Most people do not like surprises. Sure, you like the nice ones: a coworker brings in bagels for the office, your child takes out the trash without being asked, that sort of thing. But you hate the other surprises: a window that won’t open, a basement wall starting to bow, water seeping into your basement through a crack… You have good reasons to hate these surprises; they are problems that need fixing, and that costs money we don’t want to spend.
We mentioned those issues, because they are all signs of foundation problems. The best foundation repair for your home is the one that will thoroughly resolve the issue. This seems like an obvious response, but it’s easier said than done. You will first need an accurate and reliable diagnosis.
At Acculevel, we’ve been repairing foundations since Andy Beery started the company in 1996. We are family-owned and operated, with a service area that includes Indiana and portions of the surrounding states. We’ve repaired tens of thousands of homes, reestablishing stability, improving resale value, and restoring peace of mind to homeowners. Everyone should have a safe and healthy place to live, and deserves clear and honest information about home repairs.
In this article, we’re going to briefly explain how water (or a lack of it) can damage your foundation, detail the symptoms of damage you need to watch for, and explore the best repair methods for each type of problem. We will also provide additional resources to more fully address any questions you may have.
What Causes Foundation Problems?
In most cases, water is the guilty party. When there is too much water in the ground, the earth is oversaturated. This means the soil has absorbed all the water it can, and the excess is ‘looking’ for an outlet. This excess water presses against your foundation, creating external pressure on the concrete. This pressure causes cracked foundation walls, water seeping in the basement or crawl space, or bowing/leaning foundation walls. This type of force against your foundation is called hydrostatic pressure, and you can learn why it’s so problematic here.
If there is too little water in the ground, the reverse happens. As the soil dries out, it shrinks and pulls away from the foundation. As the earth below the foundation shifts, your foundation also shifts. If this shifting or settling isn’t done evenly, it causes the foundation to ‘sink’ at an inconsistent level. Once one corner or side of your foundation is lower than the other(s), this strains the structure of your entire home, creating cracks and uneven framing within the house. This article gives a more complete breakdown of drought and the problems it creates.
This photo was taken by an Acculevel project manager during a free estimate appointment. The stair-step crack in the brick facade indicates the foundation is settling unevenly.
What Are Signs of Foundation Problems?
Like many problems we face, there are degrees of difficulty involved. Some of these symptoms are minor issues; if you resolve them as soon as they’re discovered, the repairs needed won’t “break the bank.” Others pose a more significant risk, and can be more costly. We’ll present these in order of increasing significance and cost.
- Hairline cracks in the foundation. Is the crack only visible on the inside of the basement or crawl space? Is it letting in water? These are less severe, and we recommend an epoxy repair method.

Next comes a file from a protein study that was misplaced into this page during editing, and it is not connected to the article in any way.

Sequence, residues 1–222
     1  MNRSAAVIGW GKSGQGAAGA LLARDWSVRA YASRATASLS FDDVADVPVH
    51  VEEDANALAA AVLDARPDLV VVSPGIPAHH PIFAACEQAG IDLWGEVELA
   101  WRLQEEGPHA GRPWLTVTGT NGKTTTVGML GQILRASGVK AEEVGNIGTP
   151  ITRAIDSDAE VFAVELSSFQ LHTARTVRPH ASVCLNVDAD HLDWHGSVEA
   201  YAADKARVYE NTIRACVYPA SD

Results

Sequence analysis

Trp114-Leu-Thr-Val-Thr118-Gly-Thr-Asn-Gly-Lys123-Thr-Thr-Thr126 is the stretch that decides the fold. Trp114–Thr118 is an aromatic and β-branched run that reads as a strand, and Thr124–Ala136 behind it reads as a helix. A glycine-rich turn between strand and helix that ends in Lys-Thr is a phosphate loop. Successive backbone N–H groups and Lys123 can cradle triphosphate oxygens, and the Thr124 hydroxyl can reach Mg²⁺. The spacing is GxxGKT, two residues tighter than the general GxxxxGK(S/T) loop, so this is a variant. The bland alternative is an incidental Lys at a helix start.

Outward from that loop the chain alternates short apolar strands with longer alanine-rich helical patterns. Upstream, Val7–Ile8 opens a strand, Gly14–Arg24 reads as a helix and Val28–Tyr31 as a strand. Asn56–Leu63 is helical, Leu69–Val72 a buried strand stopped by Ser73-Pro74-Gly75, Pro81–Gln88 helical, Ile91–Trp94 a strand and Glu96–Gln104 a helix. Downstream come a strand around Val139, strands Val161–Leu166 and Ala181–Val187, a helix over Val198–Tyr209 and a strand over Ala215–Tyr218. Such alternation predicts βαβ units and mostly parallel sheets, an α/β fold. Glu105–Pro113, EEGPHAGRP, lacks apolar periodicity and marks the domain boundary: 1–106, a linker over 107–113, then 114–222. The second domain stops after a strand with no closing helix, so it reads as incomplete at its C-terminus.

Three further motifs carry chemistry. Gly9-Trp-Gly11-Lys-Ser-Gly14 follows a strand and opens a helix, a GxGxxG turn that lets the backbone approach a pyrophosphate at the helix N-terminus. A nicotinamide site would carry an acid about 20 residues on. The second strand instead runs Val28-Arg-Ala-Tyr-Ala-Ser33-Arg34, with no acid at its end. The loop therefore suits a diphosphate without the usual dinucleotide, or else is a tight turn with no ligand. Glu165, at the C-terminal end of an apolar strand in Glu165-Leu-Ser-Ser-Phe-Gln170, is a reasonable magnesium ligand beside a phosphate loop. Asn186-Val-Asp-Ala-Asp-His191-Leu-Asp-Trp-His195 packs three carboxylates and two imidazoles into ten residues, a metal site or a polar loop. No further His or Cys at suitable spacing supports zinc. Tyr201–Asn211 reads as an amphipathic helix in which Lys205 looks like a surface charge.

- Long horizontal cracks or stair-step cracks on the inside of the foundation, possibly with a bowing or leaning wall. This is a clear sign of hydrostatic pressure forcing your basement wall to move, and it should be fixed promptly. The more the wall moves, the more expensive the repair becomes. There are several repair methods available for this issue, and we explain how each works and what it costs, here.
- Cracks in the drywall around windows/doors, sticking windows/doors, and external stair-step cracks. These are signs of a settling or sinking foundation. You may not have all three of these; in some cases, you may only have two of these symptoms. Helical piers are the best method for stabilizing and reinforcing a settling foundation; we explain how they work and what they cost in this article.
- A note about #3: if you have only cracks in your drywall, but no sticking entries or cracks in the foundation, check the wooden structure under your floor. Drywall cracks can be a sign of a sloping or sagging floor, which we explore in greater detail here.
This photo was taken by an Acculevel project manager during a free estimate appointment. The cracks, both stair-step and horizontal, are signs of a basement wall beginning to bow inward.
Do You Have Additional Questions about Foundation Repairs?
If the answer is yes, I encourage you to check out our free comprehensive guide to foundation repairs. It can be read in its entirety, you can select the chapter relevant to you, or bookmark it as a reference when you meet with contractors.
If You’re Ready to Start Meeting with Contractors?
We encourage every homeowner to include the Better Business Bureau; they can help you verify that the company you choose is reputable, and insured.
You are also welcome to use our guide to questions you should ask a contractor. The initial article provides Acculevel’s answers to these questions, and includes a link to a free (blank) form you can download.
If you live in Indiana or the surrounding states, contact Acculevel. We provide free written estimates, performed by one of our experienced project managers. They will evaluate your foundation and recommend the best course of action for you. Our goal is to help you keep your home strong and healthy for years to come.